DANIEL (director: Sidney Lumet; screenwriter: E.L. Doctorow/from Doctorow’s book The Book of Daniel; cinematographer: Andrzej Bartkowiak; editor: Peter C. Frank; music: Bob James; cast: Timothy Hutton (Daniel Isaacson), Amanda Plummer (Susan Isaacson), Mandy Patinkin (Paul Isaacson), Lindsay Crouse (Rochelle Isaacson), Edward Asner (Jacob Ascher), John Rubenstein (Robert Lewin), Maria Tucci (Lise Lewin), Ellen Barkin (Phyllis Isaacson), Julie Bovasso (Frieda Stein), Tovah Feldshuh (Linda Mindish); Runtime: 130; MPAA Rating: R; producer: Burtt Harris; Paramount; 1983)
“The failure to provide some sort of payoff works against the film.”
Reviewed by Dennis Schwartz
A fictionalized retelling of the true story of Julius and Ethel Rosenberg (changing their names to the Isaacsons and not trying for historical accuracy), who were executed in 1953 for selling atomic secrets to the Soviets. Director Sidney Lumet’s (“Dog Day Afternoon”/”Q & A”) tragic tale veers back and forth in time between the 1960s, as the Rosenberg’s traumatized children Daniel (Timothy Hutton) and his younger sister Susan (Amanda Plummer), try to cope with the loss, and the 1930s when the Rosenbergs, here called the Isaacsons, Rochelle (Lindsay Crouse) and Paul (Mandy Patinkin), became a couple and joined the Communist Party to oppose fascism. E.L. Doctorow’s 1971 novel The Book of Daniel is scripted by him. It’s unsatisfying that Lumet not only takes a neutral position throughout as to their guilt or whether they were good people, but shamelessly milks the story for tears and manages to subvert its original intentions as a probing historical document into an empty liberal diatribe against capital punishment, a polemic against McCarthyism and an unfulfilling psychological drama about reuniting with one’s parents. The failure to provide some sort of payoff works against the film. Only occasionally does it seem to get at the tragedy emotionally and its consequences on the country and the children. Its most powerful moments come from the use of the Paul Robeson recordings played periodically in the background. The filmed bombed critically and at the box office, though the director in his book Making Movies maintains this is one of the best films he ever made.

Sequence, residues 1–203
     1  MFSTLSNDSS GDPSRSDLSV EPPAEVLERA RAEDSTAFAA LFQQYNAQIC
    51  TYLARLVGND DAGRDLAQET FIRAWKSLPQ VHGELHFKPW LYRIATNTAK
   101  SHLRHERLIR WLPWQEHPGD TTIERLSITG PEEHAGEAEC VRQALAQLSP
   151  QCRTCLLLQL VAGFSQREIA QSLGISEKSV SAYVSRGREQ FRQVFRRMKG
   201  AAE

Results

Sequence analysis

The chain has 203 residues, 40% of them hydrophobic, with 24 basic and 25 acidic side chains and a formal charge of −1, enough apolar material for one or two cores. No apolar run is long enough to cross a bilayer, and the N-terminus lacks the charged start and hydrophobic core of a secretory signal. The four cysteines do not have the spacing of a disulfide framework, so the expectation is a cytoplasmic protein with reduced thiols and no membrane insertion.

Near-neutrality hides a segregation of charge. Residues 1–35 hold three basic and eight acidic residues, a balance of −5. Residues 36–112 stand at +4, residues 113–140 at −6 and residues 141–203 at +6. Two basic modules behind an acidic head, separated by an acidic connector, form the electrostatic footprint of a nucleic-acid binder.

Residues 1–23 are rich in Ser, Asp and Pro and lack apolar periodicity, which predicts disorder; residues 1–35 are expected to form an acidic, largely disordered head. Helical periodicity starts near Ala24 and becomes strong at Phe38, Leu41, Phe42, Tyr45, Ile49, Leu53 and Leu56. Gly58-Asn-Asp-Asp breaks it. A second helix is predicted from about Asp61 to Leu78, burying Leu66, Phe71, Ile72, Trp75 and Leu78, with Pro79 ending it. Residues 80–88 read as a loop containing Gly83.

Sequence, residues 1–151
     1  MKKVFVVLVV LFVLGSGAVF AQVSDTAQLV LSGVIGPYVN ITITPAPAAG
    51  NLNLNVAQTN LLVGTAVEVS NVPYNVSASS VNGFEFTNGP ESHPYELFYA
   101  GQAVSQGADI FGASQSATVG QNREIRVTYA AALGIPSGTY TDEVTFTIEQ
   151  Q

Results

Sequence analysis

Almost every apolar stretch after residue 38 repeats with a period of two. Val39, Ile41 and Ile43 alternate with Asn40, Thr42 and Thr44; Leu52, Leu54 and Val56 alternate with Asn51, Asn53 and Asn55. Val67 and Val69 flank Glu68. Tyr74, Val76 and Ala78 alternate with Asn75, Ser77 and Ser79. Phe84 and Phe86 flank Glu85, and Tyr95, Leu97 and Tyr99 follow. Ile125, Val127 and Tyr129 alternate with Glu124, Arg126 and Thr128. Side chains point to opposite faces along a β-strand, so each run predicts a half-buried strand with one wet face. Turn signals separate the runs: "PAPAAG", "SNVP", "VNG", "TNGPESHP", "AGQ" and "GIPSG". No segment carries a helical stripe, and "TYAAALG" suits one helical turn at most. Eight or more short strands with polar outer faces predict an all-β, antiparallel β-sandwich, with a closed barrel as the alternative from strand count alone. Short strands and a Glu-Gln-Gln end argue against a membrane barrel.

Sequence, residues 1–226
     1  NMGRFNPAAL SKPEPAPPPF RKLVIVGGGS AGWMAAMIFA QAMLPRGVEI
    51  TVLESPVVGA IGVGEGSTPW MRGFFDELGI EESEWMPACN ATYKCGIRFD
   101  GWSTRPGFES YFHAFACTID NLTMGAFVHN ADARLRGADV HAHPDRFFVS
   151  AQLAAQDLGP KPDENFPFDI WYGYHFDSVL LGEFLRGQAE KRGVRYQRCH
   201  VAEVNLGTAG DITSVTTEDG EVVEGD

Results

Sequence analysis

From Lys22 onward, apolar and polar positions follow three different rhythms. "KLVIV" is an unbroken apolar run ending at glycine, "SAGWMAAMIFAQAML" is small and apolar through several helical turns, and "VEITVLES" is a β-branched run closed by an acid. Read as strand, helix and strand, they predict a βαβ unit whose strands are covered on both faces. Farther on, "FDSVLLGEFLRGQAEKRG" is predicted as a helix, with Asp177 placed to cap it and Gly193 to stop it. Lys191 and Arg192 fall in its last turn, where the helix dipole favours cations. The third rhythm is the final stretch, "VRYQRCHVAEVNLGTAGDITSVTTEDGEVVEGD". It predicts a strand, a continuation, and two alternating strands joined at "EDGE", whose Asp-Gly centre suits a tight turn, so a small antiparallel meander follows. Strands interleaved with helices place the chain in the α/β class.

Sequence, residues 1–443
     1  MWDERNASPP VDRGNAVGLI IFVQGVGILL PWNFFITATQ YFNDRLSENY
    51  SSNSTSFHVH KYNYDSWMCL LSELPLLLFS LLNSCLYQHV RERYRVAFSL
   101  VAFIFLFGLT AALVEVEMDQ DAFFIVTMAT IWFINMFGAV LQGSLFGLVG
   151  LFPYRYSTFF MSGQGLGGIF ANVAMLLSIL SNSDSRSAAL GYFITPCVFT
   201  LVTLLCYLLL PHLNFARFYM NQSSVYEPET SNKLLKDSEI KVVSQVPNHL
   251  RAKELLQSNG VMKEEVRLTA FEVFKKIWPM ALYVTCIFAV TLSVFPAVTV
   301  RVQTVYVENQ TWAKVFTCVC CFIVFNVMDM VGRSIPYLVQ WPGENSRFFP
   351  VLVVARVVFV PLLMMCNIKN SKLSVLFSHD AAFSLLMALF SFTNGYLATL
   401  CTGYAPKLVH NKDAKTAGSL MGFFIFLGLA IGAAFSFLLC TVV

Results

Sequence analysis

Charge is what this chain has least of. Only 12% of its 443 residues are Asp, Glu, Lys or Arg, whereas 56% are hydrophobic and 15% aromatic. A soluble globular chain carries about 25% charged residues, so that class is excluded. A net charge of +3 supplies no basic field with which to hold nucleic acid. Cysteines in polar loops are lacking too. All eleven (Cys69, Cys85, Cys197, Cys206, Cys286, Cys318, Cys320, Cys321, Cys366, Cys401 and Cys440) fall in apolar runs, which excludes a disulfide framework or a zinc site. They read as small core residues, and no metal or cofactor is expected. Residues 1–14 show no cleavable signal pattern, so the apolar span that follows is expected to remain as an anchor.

The hysterical and mentally unstable Susan becomes involved in antiwar demonstrations during the Vietnam war and joins the SDA, hoping to overthrow the government. Daniel is an apolitical graduate student who is only stirred to reexamine his parents’ lives after his sister’s attempt at suicide lands her in a loony bin, hoping if he can find the truth about his parents through doing some detective work he will be able help his schizophrenic sister and become a better person because he will get to know his parents. Daniel is helped by his supportive wife Phyllis (Ellen Barkin); his adoptive parents Robert and Lise Lewin (John Rubenstein and Maria Tucci), who don’t seem to know what to make of their adoptive children, who are always at each other’s throats; and the Isaacson’s lawyer Jacob Ascher (Edward Asner), who voices proper concern over his client’s welfare.
All I came out learning was that the children grew up emotionally crippled and that their parents got in over their heads in a movement which gave them identity and supported their idealistic hopes to make this a better world.
Peter Kihss in a review for the NY Times in 1983 states “The real Rosenberg sons wrote a book in 1975 called ”We Are Your Sons: The Legacy of Ethel and Julius Rosenberg” claiming that their parents were innocent and ”framed.” Kihss also reports there’s a new book ”The Rosenberg File: A Search for the Truth,” by Ronald Radosh and Joyce Milton, which makes use of some of the 200,000 pages of documents recently released on the trial. It contends that Julius Rosenberg was ”coordinator of an extensive espionage operation.” Ethel Rosenberg, it argues, ”probably knew of and supported her husband’s endeavors.”
REVIEWED ON 3/30/2006 GRADE: C+
Dennis Schwartz: “Ozus’ World Movie Reviews”
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